Surrealestate has performed at the University of Nebraska, on a local radio station and has also presented several concerts in the Lincoln area.

Robert F. Reigle
7640 Fairax
Lincoln, NE 68505

𝄇 𝄇

Thursday, July 25, 2019

Randall Snyder on the Lincoln Improvisation Ensemble

Randall Snyder.
Credit: Daily Nebraskan
I came across Randy Snyder in a rather unusual way. Using my subscription to, I spent much of my spare time in 2016 searching for mentions of phrases like "improvised music", "improvisation ensemble", "ensemble improvisation", "music improvisation", and so forth. This search has, to date, borne much fruit, as longtime readers of this blog will attest.

With the phrase "improvisation ensemble", I struck a vein. In Lincoln, Nebraska, there was for several years a group called the Lincoln Improvisation Ensemble, under the direction of Randall Snyder. A Google search for "Lincoln Improvisation Ensemble" turned up a few curiosities, including an LP on Discogs, the liner notes of which mention the LIE:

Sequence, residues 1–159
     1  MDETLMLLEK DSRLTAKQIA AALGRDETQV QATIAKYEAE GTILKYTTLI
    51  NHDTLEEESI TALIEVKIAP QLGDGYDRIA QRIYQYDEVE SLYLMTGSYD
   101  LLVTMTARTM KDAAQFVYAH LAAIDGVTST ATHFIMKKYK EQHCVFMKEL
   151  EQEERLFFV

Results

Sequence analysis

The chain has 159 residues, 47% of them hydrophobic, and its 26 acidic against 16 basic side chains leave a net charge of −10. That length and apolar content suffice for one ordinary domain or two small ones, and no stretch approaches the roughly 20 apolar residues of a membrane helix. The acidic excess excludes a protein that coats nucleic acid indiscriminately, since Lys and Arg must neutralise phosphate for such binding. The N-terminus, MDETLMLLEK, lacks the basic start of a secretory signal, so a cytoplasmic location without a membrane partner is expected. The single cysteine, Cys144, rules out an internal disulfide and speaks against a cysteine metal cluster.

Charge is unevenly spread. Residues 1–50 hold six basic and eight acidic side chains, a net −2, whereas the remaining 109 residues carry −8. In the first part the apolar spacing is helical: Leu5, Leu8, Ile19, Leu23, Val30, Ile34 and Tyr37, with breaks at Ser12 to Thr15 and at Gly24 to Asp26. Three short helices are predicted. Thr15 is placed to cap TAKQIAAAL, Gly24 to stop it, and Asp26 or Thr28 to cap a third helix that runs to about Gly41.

From Bob Reigle with Surrealestate
(Aardwoof No. 1)

Other than this release, very little turned up. I decided to contact Randall and see if he could answer some questions I had about the LIE. He was very gracious with his time, and agreed to the publication of our conversation and some score excerpts.

Many of Snyder's scores are available for download here:

Here's a transcript of our conversation in mid-2017:

Can you talk about how the Lincoln Improvisation Ensemble came together?

RS: I started teaching at the University of Nebraska in 1974, and started the group up the very first semester, that fall. That iteration of the band went for about 3 or 4 years, and then it kind of petered out. Then I started it up a second time, [in the] mid ‘80s. And that had a slightly shorter lifespan, maybe about three years. So there were two groups really, of all different personnel - students.

How did you come to be interested in improvisation?